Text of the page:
A rash of mountain lion sightings has been reported near both UC Santa Barbara Main Campus and West Campus in recent weeks, raising as many questions as it does concerns.
The first reported sighting was on Sept. 17 around 6:30 p.m., near Campus Point. This was quickly followed by a second sighting near Devereux Lagoon on West Campus the next day; the following morning, Sept. 19, a sighting near West Campus was reported again.
There were then no sightings for almost three weeks until Oct. 7, when UCSB students Dulce Simental and Monica Lopez spotted a large and “very built” animal fleeing on all fours while the two were watching the sunset below the Campus Point bluffs.
Molly Hardesty-Moore, a researcher associated with the McCauley Lab at UCSB who focuses on urban and carnivore ecology, sat down with the Nexus to discuss the likely origins of the mountain lion, as well as the implications of repeat sightings so close to civilization.
Hardesty-Moore pointed to two possible scenarios: the mountain lion may have come to campus by following the coast, approaching from the relatively undeveloped north, or it may have come to campus from the foothills of the Santa Ynez Mountains by crossing the 101 Freeway and crossing a number of human settlements.
“Honestly, I got out Google Maps as soon as I heard about this. I was like, ‘How the heck would this guy get here?’ We’re surrounded by the 101 and the 217. Even going along the coast there’s sporadic houses and ranches,” Hardesty-Moore said.
“If it went from Campus Point to Devereux, it wouldn’t go through Isla Vista without being sighted, so it seems like it went along the beach during low tide, if that’s possible. It’s also possible it came in along the coast originally.”
If the mountain lion was confined to small strips of coast and navigated these spaces using the beaches to avoid humans, it would be difficult for it to sustain itself, as its primary food source is deer, which can’t be found in the immediate coastal area, she noted.
“[Lions] do eat raccoons as a secondary food source, and we do have a decent amount of racoons,” Hardesty-Moore said.
She added, however, that she is unsure how easy it would be for a mountain lion to switch to a prey source it is not used to; as part of her research, she monitors the movement of racoons throughout campus and the greater urban environment with GPS collars and has not come across evidence to suggest that a mountain lion is hunting the racoons.
It is also unlikely that a mountain lion would willfully return to campus after hunting elsewhere unless it had to, she explained.
“If it has a good route to go up the coast through the beach, maybe it is going up and then feeling pressure to come back for whatever reason, but I would more expect that it’s stuck here. If it could leave in a good way, it would, and it wouldn’t come back,” Hardesty-Moore said.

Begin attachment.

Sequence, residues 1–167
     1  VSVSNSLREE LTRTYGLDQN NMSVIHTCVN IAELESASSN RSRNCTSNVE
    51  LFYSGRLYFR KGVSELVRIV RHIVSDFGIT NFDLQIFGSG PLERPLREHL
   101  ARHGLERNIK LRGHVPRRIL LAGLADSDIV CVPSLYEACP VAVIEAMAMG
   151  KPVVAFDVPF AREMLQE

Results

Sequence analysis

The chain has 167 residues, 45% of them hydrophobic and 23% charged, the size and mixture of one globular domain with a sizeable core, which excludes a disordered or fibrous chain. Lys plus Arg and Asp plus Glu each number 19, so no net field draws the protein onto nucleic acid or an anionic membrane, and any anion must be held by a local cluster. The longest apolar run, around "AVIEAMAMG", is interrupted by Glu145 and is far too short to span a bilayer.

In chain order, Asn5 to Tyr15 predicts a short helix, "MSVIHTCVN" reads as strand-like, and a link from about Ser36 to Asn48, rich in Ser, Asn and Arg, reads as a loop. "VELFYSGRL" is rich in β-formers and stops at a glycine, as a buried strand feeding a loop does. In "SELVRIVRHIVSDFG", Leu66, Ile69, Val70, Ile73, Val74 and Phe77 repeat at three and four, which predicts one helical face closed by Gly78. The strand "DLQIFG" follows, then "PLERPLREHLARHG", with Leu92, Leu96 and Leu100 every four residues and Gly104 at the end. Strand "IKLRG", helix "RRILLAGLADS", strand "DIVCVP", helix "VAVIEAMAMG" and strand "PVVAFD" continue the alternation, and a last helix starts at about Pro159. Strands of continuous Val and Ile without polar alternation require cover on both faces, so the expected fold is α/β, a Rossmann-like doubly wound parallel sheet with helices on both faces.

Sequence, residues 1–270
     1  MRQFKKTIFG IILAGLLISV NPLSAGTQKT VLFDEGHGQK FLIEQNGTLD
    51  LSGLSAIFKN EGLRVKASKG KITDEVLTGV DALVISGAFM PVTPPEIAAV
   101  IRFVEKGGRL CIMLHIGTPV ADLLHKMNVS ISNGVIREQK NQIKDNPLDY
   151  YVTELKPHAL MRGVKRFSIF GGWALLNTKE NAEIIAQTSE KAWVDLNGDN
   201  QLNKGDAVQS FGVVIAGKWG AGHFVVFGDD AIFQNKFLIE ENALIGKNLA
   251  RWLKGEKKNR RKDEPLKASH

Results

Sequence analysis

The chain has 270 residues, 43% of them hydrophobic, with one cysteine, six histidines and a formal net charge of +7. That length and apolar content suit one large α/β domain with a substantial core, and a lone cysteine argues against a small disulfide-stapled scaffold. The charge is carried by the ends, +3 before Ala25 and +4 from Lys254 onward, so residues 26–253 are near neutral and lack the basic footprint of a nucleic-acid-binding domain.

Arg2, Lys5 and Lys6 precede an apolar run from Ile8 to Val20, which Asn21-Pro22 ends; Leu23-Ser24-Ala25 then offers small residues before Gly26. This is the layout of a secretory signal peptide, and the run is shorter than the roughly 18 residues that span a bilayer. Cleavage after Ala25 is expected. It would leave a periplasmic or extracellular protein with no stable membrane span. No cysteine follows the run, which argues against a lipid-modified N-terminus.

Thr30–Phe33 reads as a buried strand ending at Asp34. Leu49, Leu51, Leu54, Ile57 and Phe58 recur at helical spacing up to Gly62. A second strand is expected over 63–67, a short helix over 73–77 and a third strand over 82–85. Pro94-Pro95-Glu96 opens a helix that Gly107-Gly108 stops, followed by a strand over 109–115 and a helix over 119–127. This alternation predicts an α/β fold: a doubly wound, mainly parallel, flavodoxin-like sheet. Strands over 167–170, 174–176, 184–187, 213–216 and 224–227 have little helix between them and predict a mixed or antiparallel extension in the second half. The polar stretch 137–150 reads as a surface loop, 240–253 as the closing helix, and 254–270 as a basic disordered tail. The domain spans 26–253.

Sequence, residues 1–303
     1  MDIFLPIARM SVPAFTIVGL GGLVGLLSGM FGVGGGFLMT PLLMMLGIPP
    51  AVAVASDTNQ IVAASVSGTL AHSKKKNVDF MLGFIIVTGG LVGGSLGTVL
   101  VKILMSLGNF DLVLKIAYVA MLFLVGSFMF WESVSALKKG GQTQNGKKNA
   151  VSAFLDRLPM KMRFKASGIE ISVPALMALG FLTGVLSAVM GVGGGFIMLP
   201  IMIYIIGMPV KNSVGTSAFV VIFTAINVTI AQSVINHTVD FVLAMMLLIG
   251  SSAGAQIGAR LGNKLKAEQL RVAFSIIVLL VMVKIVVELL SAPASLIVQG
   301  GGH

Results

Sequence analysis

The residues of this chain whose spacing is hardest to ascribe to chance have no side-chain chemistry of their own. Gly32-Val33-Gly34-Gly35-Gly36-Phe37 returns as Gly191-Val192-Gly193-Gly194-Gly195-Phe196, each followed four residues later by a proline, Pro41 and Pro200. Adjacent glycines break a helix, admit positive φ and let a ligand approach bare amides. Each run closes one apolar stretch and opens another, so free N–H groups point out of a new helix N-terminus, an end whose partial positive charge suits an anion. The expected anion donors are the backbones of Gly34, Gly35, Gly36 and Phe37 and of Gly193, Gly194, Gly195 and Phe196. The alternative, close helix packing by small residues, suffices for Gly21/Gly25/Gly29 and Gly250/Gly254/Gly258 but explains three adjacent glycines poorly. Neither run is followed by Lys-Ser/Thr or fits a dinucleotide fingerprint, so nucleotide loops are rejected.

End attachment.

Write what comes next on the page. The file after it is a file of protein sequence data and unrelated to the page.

One possibility is that conflict from another mountain lion is compelling this one to linger near the coast. Mountain lions are territorial predators who need a lot of land, so juvenile males may find themselves inadvertently encroaching on urban spaces to avoid conflict with other more established adults, she explained.
“It seems probable that the one sighted could be a young male, since they tend to be the ones that disperse. I don’t know why it would be returning [to campus areas] unless it were being driven away by an aggressive older male, since they’re really territorial,” Hardesty-Moore said.
“Mountain lions are wide-ranging species, and when they get old enough, they disperse. It’s sort of a normal thing for them to start seeking new spaces, although it’s not as normal to get into human spaces.”
A human stressor may also be a culprit. Mountain lions throughout California are victims of intense habitat fragmentation and can become cut off from one another. This is especially true in coastal Southern California, where the urban landscape is sprawling and extensive, save for pockets of land along the Transverse and Peninsular Ranges, according to Hardesty-Moore.
“[Mountain lions are] really bad at crossing roads and being around people because we just tend to get rid of them. Southern California is just full of people,” she said.
However, UCSB’s campus and Devereux Lagoon are a far cry from untouched, and the presence of comparatively high-quality open space in the hills across the 101 Freeway make it difficult to entertain the notion that a mountain lion would flee to the coast in search of better habitat, Hardesty-Moore explained.
According to Hardesty-Moore, mountain lions are only known to attack humans in extreme circumstances, but students should still exercise caution.
“It’s a big predator. That is something to be mindful of. If it’s scared or hungry or lost, that could make the situation worse, but it’s almost always really extreme circumstances — [if] the mountain lion is starving, for example. Usually they don’t want anything to do with people,” Hardesty-Moore said.
“If you’ve ever been out hiking in the hills, odds are that a mountain has seen you do that. But it doesn’t want you, it doesn’t need you. It doesn’t want human prey. You’re just trouble for them.”
Hardesty-Moore and Peter Alagona, an associate professor in history and environmental studies, plan to meet with the UC Police Department, state and federal government officials and fellow scholars in early November to discuss “mountain lions, public safety, and wildlife coexistence on the UCSB campus,” Alagona said.
To Hardesty-Moore, the recent sightings give the community a chance to better understand the natural world which surrounds campus and how it can intersect with civilization — sometimes in messy ways.
“I think it’s a good opportunity to think ‘Oh my gosh, these creatures are actually really close to us.’ They live right around us and sometimes they come around here, and we need to think about how to coexist with them and figure out problems like this when they happen.”